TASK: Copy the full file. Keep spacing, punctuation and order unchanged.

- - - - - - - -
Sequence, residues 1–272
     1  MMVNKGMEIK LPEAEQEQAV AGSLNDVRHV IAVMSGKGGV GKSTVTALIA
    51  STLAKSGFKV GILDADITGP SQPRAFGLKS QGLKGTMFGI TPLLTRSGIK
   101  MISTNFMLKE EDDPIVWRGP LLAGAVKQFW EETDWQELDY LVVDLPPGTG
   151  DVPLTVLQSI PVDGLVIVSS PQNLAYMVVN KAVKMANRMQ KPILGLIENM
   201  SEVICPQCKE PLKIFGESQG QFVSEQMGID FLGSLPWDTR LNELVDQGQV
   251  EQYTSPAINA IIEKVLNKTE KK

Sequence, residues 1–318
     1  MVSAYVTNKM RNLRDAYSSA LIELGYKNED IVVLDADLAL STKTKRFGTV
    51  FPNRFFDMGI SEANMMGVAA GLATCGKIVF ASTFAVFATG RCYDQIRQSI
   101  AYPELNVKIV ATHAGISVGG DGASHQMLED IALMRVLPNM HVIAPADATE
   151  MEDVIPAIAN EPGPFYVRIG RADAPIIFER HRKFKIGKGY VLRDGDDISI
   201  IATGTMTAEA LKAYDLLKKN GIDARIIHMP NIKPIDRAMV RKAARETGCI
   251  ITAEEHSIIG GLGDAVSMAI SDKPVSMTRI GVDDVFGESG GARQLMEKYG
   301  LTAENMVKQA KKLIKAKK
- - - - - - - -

Sequence, residues 1–272
     1  MMVNKGMEIK LPEAEQEQAV AGSLNDVRHV IAVMSGKGGV GKSTVTALIA
    51  STLAKSGFKV GILDADITGP SQPRAFGLKS QGLKGTMFGI TPLLTRSGIK
   101  MISTNFMLKE EDDPIVWRGP LLAGAVKQFW EETDWQELDY LVVDLPPGTG
   151  DVPLTVLQSI PVDGLVIVSS PQNLAYMVVN KAVKMANRMQ KPILGLIENM
   201  SEVICPQCKE PLKIFGESQG QFVSEQMGID FLGSLPWDTR LNELVDQGQV
   251  EQYTSPAINA IIEKVLNKTE KK

Sequence, residues 1–318
     1  MVSAYVTNKM RNLRDAYSSA LIELGYKNED IVVLDADLAL STKTKRFGTV
    51  FPNRFFDMGI SEANMMGVAA GLATCGKIVF ASTFAVFATG RCYDQIRQSI
   101  AYPELNVKIV ATHAGISVGG DGASHQMLED IALMRVLPNM HVIAPADATE
   151  MEDVIPAIAN EPGPFYVRIG RADAPIIFER HRKFKIGKGY VLRDGDDISI
   201  IATGTMTAEA LKAYDLLKKN GIDARIIHMP NIKPIDRAMV RKAARETGCI
   251  ITAEEHSIIG GLGDAVSMAI SDKPVSMTRI GVDDVFGESG GARQLMEKYG
   301  LTAENMVKQA KKLIKAKK